Brazilian Rea (BRL)

The Economist  Apr 1  Comment 
IN BRAZIL, where the state collects a hefty 36% of GDP in taxes and offers mediocre public services in return, tax-dodging is a national sport. The latest scam unearthed by police, treasury and finance-ministry sleuths sets a record. On March 26th...
Benzinga  Mar 25  Comment 
Coffee futures are trading a little lower Wednesday. May NY Coffee is trading at 136.40, down 0.75. July Coffee is trading at 139.50, down 1.05. Trading is active. A weaker Brazilian real continues to pressure coffee futures. Uncertainty about...  Mar 20  Comment 
The bank cites weakness in the Brazilian real. However, its forecasts still leave room for prices to recover
Wall Street Journal  Mar 19  Comment 
Life is far from sweet for some top sugar-producing nations, as a global glut combined with a collapse in the Brazilian real has crashed the international price of the sweetener to a six-year low.
New York Times  Mar 19  Comment 
Mr. Batista was fined 1.4 million reais ($437,000), making it the first time he has been sanctioned for his activities in his collapsed business empire.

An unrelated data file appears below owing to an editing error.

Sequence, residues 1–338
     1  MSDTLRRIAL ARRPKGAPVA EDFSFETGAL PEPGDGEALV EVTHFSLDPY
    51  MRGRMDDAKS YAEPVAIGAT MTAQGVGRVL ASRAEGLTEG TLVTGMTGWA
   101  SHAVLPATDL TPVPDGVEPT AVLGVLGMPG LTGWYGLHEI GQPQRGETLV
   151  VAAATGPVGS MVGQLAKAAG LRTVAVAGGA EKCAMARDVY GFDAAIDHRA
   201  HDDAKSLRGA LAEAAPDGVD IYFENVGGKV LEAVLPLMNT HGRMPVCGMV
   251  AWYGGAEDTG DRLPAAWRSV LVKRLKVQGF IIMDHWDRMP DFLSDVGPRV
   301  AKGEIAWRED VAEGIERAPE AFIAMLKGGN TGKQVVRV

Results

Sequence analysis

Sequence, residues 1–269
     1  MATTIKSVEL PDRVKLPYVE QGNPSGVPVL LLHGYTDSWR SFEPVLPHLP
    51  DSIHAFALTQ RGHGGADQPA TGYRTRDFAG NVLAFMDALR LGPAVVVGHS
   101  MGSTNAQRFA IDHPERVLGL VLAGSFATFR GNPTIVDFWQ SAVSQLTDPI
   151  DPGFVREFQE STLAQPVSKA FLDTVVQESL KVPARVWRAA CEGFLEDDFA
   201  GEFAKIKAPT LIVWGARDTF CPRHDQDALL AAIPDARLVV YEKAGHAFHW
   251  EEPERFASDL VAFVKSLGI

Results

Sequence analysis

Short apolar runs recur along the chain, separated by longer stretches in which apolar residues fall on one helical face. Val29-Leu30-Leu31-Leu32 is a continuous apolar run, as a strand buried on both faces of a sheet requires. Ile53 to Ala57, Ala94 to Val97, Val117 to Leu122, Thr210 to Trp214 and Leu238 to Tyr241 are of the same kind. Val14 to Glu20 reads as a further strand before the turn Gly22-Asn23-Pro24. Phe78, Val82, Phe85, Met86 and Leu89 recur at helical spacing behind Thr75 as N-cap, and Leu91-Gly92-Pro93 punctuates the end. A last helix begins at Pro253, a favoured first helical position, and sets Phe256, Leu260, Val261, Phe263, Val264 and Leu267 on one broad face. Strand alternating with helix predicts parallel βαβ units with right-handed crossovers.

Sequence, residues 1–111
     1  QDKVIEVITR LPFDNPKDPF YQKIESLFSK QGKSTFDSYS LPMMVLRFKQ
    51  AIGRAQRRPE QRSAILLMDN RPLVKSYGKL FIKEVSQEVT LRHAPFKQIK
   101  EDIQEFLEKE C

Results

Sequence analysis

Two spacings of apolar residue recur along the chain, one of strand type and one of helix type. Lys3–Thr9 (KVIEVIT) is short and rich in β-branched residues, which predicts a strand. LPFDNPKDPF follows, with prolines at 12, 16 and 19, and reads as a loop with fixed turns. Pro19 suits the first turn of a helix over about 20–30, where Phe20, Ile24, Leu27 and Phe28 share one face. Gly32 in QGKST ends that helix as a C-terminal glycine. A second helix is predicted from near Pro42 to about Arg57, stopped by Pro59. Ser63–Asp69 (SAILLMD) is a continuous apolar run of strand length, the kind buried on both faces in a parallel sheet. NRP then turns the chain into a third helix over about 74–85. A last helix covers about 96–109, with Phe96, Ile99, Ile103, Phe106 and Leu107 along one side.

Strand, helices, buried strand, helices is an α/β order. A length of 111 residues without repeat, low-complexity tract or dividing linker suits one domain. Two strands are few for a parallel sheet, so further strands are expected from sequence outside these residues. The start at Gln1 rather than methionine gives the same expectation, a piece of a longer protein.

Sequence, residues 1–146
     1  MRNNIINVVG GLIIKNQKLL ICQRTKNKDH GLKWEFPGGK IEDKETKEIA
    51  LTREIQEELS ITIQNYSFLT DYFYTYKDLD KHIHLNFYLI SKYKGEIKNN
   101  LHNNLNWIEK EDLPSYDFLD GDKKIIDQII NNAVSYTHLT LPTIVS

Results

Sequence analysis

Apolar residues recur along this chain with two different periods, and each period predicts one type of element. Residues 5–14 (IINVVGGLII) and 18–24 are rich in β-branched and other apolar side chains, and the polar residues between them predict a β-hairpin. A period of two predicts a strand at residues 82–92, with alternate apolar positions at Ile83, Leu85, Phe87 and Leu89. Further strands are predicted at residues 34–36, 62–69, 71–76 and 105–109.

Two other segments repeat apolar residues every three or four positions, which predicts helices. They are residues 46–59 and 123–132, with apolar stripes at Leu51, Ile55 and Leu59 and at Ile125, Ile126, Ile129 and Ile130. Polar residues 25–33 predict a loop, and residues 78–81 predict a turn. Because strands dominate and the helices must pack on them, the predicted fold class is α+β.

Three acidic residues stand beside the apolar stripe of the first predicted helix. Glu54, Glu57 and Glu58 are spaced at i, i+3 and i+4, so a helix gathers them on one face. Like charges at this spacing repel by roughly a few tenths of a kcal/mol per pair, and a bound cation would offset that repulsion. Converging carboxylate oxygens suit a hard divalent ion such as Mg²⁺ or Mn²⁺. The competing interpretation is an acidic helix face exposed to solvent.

Commodity Online  Mar 13  Comment 
Global prices have decreased in tandem with the falling Brazilian Real. There was a sudden surge in sales of sugar and coffee, priced in dollars, which dragged the price of the commodities down.
The Economic Times  Mar 12  Comment 
Lower exports from India, the world's biggest sugar producer behind Brazil, could help to revive benchmark New York prices that touched a six-week low.
Reuters  Mar 11  Comment 
South Africa's rand, Turkey's lira and Brazil's real suffered some of the steepest losses in the recent emerging-market rout. Their peers in the so-called fragile five, India and Indonesia, escaped with less damage.


The Brazilian real (denoted by R$) is the present-day currency of Brazil. A 100 centavos = 1 Real.

During monetary reform package in South America, the modern real was introduced in 1994 to end more than three decades of inflation in that region. During its introduction, it was pegged to the US dollar (1:1). It suffered a sudden devaluation to a rate of about 2:1 in 1999, after which in 2002 it reached almost 4:1. This was followed by a partial recovery after which it has been at approximately 2:1 since 2006.

The chart at left shows the USD/BRL currency pair; the number of Brazilian Real equivalent to 1 U.S. Dollar (USD).

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